One of the most famous of the French Post-Impressionists, Paul Gauguin (1848–1903) struggled to find critical success during his lifetime, but is now considered to be an innovator who made a major impact on early twentieth-century modern art. He was primarily a painter, but also worked in sculpture, ceramics, printmaking, and writing. Gauguin identified with the nineteenth-century Symbolist movement, and his bold, flatly colored paintings often hold significant symbolic meaning. In 1891, he expressed a desire to shed the corrupting influence of modern civilization and fled to Tahiti where he spent the majority of the rest of his life living in poverty and working on paintings infused with symbolism, mythology, and Tahitian subject matter, in what is considered a precursor of primitivism. Even before leaving for French Polynesia, Gauguin’s work shows evidence of inspiration from folk art. His painting The Yellow Christ (1889) depicts the Crucifixion in Brittany, in Northern France. Local women encircle Christ, kneeling in prayer. The bold, flat colors of the painting are reminiscent of medieval Christian painting and emphasize the power and intangibility of prayer. Later works include Te aa no areois (The Seed of the Areoi) (1892), Two Tahitian Women (1899), and Nevermore (1897), a painting that mixes the influence of Edgar Allan Poe, the traditional female nude, and Tahitian imagery.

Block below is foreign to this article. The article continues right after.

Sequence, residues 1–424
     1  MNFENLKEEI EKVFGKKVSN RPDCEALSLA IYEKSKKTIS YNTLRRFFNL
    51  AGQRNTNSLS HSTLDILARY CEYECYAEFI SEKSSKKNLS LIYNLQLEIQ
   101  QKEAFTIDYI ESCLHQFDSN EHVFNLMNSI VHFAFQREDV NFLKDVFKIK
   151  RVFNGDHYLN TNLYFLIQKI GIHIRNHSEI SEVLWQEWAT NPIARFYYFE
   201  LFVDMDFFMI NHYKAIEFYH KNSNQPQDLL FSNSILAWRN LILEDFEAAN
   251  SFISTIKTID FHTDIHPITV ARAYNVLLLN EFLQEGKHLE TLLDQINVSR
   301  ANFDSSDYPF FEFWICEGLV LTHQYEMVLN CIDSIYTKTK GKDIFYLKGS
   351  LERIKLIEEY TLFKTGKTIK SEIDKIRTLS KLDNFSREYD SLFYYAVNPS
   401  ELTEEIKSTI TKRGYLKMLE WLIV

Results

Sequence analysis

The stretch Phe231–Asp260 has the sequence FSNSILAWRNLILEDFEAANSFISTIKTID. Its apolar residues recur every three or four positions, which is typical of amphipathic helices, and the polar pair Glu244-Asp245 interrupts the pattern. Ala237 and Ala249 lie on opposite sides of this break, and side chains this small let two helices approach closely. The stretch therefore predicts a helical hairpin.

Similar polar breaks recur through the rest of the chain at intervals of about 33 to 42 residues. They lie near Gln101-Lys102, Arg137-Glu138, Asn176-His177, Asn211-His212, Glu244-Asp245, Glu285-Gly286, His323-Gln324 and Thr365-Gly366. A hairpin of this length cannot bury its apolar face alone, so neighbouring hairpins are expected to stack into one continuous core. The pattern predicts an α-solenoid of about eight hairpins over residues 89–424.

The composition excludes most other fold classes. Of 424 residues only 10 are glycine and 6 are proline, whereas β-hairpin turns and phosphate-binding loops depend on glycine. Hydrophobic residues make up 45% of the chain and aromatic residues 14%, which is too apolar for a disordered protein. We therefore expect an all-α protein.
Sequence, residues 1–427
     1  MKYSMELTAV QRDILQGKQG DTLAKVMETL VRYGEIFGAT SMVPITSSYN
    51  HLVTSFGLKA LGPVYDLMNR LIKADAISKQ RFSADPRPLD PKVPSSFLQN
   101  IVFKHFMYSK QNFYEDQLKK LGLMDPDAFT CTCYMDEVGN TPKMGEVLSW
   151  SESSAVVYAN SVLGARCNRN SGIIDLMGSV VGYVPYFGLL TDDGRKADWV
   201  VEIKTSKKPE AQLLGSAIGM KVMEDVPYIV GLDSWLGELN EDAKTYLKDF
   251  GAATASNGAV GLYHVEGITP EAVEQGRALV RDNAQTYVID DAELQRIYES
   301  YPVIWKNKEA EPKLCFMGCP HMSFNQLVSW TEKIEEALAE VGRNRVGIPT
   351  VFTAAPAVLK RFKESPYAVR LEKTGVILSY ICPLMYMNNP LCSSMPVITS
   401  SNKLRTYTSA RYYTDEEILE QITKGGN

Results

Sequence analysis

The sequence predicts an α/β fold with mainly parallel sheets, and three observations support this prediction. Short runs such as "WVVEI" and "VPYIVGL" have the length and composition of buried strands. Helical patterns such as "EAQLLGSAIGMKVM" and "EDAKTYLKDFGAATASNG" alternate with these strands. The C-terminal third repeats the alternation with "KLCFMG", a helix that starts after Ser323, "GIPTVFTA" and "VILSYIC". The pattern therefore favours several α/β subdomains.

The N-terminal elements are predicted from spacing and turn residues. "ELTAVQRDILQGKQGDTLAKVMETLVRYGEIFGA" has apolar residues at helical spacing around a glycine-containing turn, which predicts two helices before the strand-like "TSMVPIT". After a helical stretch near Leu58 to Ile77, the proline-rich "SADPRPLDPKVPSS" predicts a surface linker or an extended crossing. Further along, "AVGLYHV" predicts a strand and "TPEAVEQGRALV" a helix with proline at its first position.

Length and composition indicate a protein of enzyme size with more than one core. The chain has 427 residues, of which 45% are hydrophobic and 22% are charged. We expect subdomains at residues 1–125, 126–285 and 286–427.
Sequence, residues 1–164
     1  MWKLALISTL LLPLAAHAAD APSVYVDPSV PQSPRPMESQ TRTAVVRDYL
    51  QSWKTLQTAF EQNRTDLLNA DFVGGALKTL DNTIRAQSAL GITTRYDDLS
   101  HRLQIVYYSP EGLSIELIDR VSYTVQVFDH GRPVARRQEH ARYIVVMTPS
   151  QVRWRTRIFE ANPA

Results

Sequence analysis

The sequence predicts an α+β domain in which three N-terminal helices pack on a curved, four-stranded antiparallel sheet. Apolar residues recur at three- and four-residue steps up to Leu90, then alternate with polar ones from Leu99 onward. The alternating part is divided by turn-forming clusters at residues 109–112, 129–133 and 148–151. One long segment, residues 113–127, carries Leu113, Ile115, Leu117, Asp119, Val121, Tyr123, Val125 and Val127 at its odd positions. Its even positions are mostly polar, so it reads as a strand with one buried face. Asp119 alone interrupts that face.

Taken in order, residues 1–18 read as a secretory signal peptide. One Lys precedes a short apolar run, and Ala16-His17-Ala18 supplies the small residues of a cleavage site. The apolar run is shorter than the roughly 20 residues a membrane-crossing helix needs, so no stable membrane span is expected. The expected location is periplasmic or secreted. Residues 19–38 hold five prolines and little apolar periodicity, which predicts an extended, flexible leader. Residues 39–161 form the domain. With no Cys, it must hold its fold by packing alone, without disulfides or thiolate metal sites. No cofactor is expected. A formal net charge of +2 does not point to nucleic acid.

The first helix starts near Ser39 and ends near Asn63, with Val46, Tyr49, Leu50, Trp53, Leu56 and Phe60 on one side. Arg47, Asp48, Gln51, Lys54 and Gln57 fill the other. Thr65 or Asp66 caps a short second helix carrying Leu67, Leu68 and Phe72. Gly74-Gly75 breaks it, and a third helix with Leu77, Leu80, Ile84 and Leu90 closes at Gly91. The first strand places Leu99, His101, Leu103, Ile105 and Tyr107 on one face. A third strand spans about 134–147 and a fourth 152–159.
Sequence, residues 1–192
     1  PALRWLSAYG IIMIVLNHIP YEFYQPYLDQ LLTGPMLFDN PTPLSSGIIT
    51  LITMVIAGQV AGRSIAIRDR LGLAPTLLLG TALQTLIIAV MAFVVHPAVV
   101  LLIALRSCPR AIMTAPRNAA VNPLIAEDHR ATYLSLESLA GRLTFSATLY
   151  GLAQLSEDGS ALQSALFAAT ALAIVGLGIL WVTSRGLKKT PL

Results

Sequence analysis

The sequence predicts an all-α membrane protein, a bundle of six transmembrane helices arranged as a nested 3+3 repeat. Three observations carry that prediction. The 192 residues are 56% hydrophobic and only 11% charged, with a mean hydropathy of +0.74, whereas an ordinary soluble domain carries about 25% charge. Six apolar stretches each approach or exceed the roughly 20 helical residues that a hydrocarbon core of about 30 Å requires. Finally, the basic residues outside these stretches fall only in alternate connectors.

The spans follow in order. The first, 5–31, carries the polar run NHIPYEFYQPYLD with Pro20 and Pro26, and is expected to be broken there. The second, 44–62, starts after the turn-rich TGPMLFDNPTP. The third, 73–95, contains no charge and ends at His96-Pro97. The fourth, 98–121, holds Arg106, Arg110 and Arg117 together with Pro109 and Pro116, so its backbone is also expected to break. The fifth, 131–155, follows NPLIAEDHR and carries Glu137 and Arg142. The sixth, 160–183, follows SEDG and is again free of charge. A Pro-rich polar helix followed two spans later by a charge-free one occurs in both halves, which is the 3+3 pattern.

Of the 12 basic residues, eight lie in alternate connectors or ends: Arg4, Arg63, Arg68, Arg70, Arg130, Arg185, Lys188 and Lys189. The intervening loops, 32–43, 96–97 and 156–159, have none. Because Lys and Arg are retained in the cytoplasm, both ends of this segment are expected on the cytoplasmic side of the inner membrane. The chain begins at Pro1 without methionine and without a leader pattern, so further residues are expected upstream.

Sunday Afternoon on the Island of La Grande Jatte (1884–1886) by Georges Seurat was painted using a technique called pointillism, which was invented by Seurat himself. Pointillism involves placing differently colored dots side-by-side to create a vibrant image.